Wednesday, 17 June 2015

In My Garden


Our back garden is wide, square and a good size, for these parts. It's surrounded by tall trees - laurel, firs, juniper - and there's a lot of bird activity. There is space for a small shed, a ten foot trampoline and a generous decked area where we sit and eat, when it's warm enough. Two long washing lines run diagonally across the lawn which is covered in weeds and abandoned footballs. Propped up against the house is a pile of chopped wood and an large empty planter. One day there will be a proper wood store and a lovely herb garden in that empty planter, maybe this summer, but probably next. But the main hurdle for me has been the lack of character. Our garden in Leeds was tiny but it had an apple tree and a dry stone wall, it had features and history. Our new outdoor space feels bland and featureless in comparison but what it lacks in charm, it makes up for in flexibility and possibilities.

The kitchen, dining room, spare room, office and the childrens' bedrooms all look directly out onto the garden. This is lovely in so many ways, but means we wanted it to look nice, interesting even, because we're always gazing out at it. Straight ahead lay an expanse of wooden fence panels which ran along the back boundary and one the first things we did - with the help of my parents who are handy with a spade - was create a flower bed to run along that fence. 


Did I mention that everything we're doing in this garden is on a very tight budget? We are trying to re-use and re-purpose wherever possible - not through choice, but because moving house (especially from the north of the country to the south) is an expensive business. We were given three blackcurrant bushes and one redcurrant bush by my sister when she moved house and didn't want to take them with her, and luckily they have transplanted from pots into the earth beautifully. The other plants and the stone edging were taken from a "rockery" in another part of the garden. I call it that, if a load of shingle dumped on top of soil and covered in barren planting, Dungeness-style, called be called a rockery. It was sad, and these plants look better and are growing nicely in their new sunnier spot.


Two months later, the plants already seem to be filling out that flower bed, providing interest and colour where before there was nothing. (Mental note: cut the grass.)


The next task was Operation Trampoline. In the bottom left corner there was a dumping ground which might have been a compost heap once, and a leaning, half painted fence. It's not a good look, I'm sure you'll agree.


We cleared and leveled the ground in that corner, covered it in anti-weed matting and a lot of wood chip, pruned the tree branches a little, and set up a trampoline in that space. I am very happy with this. I do not much like the look of trampolines slap bang in the middle of the garden but this means I can see the kids on it from the kitchen window and it's tucked away neatly in the corner. It feels like a good compromise.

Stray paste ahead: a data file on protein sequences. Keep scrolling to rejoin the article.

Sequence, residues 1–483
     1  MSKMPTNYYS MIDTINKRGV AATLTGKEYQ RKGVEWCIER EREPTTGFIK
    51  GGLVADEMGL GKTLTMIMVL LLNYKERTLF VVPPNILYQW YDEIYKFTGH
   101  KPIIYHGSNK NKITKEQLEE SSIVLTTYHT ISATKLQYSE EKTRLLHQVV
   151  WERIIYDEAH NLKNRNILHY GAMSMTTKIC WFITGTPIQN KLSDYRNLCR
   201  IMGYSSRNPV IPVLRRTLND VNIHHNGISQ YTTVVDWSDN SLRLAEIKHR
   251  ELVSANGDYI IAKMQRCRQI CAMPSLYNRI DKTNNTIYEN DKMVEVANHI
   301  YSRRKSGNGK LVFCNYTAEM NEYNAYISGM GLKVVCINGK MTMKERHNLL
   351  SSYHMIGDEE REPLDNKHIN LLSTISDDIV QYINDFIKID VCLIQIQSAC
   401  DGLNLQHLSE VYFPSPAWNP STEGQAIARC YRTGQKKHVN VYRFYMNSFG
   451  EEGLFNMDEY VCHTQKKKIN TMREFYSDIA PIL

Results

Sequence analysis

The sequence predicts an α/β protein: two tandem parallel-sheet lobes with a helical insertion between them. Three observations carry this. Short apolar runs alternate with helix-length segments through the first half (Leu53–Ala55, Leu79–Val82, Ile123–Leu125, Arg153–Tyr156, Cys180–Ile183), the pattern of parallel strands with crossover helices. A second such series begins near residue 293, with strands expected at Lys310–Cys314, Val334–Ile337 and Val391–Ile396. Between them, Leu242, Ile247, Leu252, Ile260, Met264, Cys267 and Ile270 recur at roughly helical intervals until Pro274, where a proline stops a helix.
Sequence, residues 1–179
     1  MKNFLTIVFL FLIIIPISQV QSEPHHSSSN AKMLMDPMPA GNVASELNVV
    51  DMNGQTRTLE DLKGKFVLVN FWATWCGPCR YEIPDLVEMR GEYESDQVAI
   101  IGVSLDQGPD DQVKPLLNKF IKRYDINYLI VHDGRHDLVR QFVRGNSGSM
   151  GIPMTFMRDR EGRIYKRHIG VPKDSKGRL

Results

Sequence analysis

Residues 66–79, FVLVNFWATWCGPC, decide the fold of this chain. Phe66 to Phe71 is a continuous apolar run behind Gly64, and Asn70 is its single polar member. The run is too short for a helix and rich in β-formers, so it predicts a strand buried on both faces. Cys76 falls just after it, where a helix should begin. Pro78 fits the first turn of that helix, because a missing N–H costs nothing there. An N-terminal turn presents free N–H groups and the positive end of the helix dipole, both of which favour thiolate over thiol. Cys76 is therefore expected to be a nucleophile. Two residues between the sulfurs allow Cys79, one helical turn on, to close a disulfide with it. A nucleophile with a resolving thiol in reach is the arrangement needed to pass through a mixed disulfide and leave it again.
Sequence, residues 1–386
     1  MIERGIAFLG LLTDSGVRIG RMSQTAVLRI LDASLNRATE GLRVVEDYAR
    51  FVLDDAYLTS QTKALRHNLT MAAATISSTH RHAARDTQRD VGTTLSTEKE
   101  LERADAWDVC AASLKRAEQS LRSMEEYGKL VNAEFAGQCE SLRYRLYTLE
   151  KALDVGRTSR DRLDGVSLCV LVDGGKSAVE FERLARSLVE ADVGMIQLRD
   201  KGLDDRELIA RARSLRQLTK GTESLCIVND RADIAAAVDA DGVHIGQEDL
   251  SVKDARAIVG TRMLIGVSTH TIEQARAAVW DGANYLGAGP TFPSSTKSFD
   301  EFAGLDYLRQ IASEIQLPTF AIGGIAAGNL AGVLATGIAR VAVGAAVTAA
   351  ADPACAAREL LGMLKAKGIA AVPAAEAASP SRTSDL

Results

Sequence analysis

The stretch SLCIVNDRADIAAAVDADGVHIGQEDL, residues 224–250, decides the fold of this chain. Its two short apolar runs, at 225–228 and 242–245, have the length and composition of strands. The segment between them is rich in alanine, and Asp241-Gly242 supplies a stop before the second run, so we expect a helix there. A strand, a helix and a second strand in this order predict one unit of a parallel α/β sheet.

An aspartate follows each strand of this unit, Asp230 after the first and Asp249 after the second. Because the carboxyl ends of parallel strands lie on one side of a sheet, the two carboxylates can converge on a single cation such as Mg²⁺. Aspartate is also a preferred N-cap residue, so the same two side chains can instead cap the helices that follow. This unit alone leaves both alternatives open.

The bottom right hand corner of the garden has been decked. When we moved in, we wondered why on earth they bothered to create a decked area here when there was already plenty enough decking by the patio doors from the dining room. Then summer came and the sun rolled around the edge of the house and we realised.


That spot is a sun trap, a delicious patch of sunshine in an otherwise shaded north-east facing garden. I have plans for a bench to go where that barbecue is right now. Me, that bench, a few cushions, a cup of tea and a book have a date planned for sometime in July or August. We're not putting pressure on ourselves, just taking it slow.


Sadly the larger decked area (like so many things in this house) is half finished, and badly finished at that, but it'll do for now. Whoever built it just chucked all kinds of rubble under it and put the decking on top, not even bothering to finish the edges properly or take off the barcode stickers. Anyway, don't focus on that, look at this lovely table and chairs. When our friends in Leeds moved to Australia, they were going to take this furniture to the tip. "Don't!" I said, "There's life in that yet!" and quick as a flash I was round there with the car, back seats down, ready to load up. One chair was beyond saving, but John has sanded and oiled the table and remaining three chairs and I think they look fabulous. 


I reckon there's a few years in them yet. I took this photo a couple of weeks ago when the rhododendron bushes were in full, magnificent bloom. They're fading now, but still looking good.

Last of all I'll show you the shed. It's another generous freebie, from my brother in law who no longer needed it, and it's just big enough for the gardening things and lawnmower. While we have a good sized garage, there is no access directly from the garage to the back garden, and it's much easier to keep gardening things in here.  John plans to build a wood store in that space between the shed and the bush, and the groundwork in front of the shed needs finishing.



So, there we go, I finally got round to giving you a tour of our garden. It's probably the kind of garden that a lot of people in the UK have, in terms of size and layout. A square of lawn, a square of decking or patio, a shed...very normal, very practical. And so far our spending has been limited to woodchip, compost and a few plants, very, very little, for all the work we've done. Plants have been moved, stones re-used, furniture and sheds rescued or donated - it's all about saving money right now.

Sorry, these photos aren't very pretty, are they? There seemed little point in trying to photograph this garden artfully when I just want to share with you what it looks like. You can see I haven't tidied anything, and you can't style a garden, it's just too big. Anyway, don't you sometimes just want to see what people's actual, normal gardens really look like? I do. Is your garden like this?  

38 comments:

Jennifer said...